Check out some of our favorite photos from past National Wildlife photo contests. Each week we'll celebrate nature and wildlife from a different state and this week we're featuring the wildlife and wild places of Kansas!
Karen Borozinski writes this great spangled fritillary butterfly is "one of the many beautiful butterflies I was treated to on a hike through Tallgrass Prairie National Preserve." The Virginia resident used a Canon PowerShot S2 IS macro lens. A surprising number and variety of North American wildlife species, including butterflies, are quietly disappearing. Read about the U.S Biodiversity Crisis.
Sarah Ellis describes how she was driving through a small southeast Kansas town searching for painted buntings to photograph when she came upon a small herd of bison near a corn field, with several swallows swooping around them. The Kansas resident used a Canon 7D with a 500mm f/4 lens and 1.4x extended on a car window mount.
Wildlife photographer David Seibel made this image of a yellow-throated warbler in Bonner Springs, Kansas with a Canon 1D Mark IV and 500mm f/4 lens with a 2x teleconverter. He writes, "I had been envisioning this image for years before finally finding a bird that provided it." Read more about the story behind this photograph in Spring Jewel.
Nature photographer Robert Gress writes, "The birds spent the morning 'booming' on the lek." Fighting and displays are a way that male greater prairie-chickens compete to establish dominance. The Kansas resident captured the fight in Flint Hill, Kansas using a Canon 30D with a 500mm lens on a tripod. Watch the dance of the greater prairie-chicken.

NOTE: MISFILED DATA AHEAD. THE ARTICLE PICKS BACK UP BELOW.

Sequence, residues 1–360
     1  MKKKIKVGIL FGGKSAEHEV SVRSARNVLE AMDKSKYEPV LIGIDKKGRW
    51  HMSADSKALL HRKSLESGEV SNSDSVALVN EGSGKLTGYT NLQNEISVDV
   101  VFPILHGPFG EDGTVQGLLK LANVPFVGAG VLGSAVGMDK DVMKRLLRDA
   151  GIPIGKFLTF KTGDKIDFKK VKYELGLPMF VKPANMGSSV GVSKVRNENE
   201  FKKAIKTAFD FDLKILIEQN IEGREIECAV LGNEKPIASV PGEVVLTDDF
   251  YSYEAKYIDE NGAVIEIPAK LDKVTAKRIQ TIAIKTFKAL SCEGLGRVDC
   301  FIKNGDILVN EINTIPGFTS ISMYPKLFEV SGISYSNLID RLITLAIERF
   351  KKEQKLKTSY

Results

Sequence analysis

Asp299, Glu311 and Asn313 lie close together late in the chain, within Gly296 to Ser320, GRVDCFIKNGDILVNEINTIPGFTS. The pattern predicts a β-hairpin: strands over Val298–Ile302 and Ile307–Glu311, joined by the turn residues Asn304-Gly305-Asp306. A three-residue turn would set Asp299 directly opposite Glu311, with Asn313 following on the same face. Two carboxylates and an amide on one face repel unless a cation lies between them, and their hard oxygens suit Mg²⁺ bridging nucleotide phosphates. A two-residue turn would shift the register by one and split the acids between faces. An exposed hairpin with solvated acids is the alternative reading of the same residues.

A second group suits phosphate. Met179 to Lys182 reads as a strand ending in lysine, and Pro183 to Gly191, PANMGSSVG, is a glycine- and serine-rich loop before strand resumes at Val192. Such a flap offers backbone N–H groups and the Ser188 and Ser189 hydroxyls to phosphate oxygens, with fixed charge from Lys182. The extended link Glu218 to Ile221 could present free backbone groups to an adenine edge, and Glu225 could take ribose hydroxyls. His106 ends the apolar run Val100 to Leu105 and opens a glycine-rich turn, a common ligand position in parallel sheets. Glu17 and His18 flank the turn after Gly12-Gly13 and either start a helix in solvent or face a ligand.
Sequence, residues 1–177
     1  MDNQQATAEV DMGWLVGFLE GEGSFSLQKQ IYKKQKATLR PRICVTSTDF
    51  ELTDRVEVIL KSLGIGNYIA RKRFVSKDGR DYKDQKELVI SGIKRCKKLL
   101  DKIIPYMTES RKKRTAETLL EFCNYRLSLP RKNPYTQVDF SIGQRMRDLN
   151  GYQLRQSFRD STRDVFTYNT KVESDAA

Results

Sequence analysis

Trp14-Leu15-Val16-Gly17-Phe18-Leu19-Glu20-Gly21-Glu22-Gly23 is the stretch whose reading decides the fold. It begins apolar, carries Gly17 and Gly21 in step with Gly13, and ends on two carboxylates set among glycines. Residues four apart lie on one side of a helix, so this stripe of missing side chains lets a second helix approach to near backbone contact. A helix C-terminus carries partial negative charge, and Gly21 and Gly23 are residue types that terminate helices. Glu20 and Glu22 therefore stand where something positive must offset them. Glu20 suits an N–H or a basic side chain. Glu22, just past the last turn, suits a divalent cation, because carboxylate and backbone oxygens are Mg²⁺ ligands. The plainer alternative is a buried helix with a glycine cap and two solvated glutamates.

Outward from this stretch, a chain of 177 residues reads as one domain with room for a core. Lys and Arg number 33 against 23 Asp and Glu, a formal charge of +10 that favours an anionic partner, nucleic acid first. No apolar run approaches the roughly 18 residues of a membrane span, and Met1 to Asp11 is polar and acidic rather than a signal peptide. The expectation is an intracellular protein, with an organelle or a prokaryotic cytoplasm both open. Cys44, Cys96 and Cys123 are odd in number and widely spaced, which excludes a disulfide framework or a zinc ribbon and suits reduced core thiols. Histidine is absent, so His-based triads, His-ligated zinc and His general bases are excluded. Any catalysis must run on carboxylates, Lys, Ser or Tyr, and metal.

Kansas resident Marisha Smith writes, "This wonderful colorful creature was one of two cecropia moth caterpillars that made their way into our peach trees. We watched them daily until they formed their chrysalis. They were odd but beautiful." Smith used a Sony Cyber-shot DSC-H3.
Marty Wellington writes her "early morning study of sage revealed a unique perspective on a pink sunrise." The Kansas resident used a Nikon L810 to make this sunrise image in a Kansas prairie.
Kansas photographer Robert Gress spent time documenting a colony of endangered least terns in Wichita. "The chick was excited because its other parent had just arrived with a fish." Gress captured the moment with a Canon EOS 7D and 500mm lens with a 1.4x extender. Check out NWF's conservation blog, Least Terns: Life on the Edge.
Virginia resident Karen Borozinski photographed a bee collecting pollen from a sunflower in Coffey County, Kansas using a Canon PowerShot S2 IS with a supermacro lens. She writes, "It was amazing to observe how slowly the bees moved when weighted down with pollen." Native bees face many threats. Learn how you can help these indispensable pollinators in Being There for Bees.
Photographer David Seibel captured the moment "a strong tailwind provided a rare display of the beautiful, intricately patterned individual feathers on this blue-winged teal drake." The Kansas resident used a Canon 1D Mark IV with a 500mm f/4 lens and 1.4x teleconverter in Quivira National Wildlife Refuge, Kansas.
Robert Gress spent time photographing "this family of bobcats that took up rural residence in a farmyard" in Pawnee County, Kansas. The Kansas photographer caught "this frisky kitten playing with its mother's tail" using a Canon 7D with a 500mm lens. Learn more about bobcats with Ranger Rick!